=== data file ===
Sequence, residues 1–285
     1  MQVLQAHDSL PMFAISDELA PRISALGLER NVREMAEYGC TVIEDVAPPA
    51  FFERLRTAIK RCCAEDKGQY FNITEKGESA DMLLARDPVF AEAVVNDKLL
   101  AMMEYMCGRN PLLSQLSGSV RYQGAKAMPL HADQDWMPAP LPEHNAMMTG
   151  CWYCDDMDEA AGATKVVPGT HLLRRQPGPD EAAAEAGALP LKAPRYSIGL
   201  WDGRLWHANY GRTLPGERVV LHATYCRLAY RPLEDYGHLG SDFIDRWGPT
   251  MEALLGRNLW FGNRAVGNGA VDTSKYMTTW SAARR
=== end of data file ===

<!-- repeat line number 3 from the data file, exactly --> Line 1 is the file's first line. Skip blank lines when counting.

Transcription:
    51  FFERLRTAIK RCCAEDKGQY FNITEKGESA DMLLARDPVF AEAVVNDKLL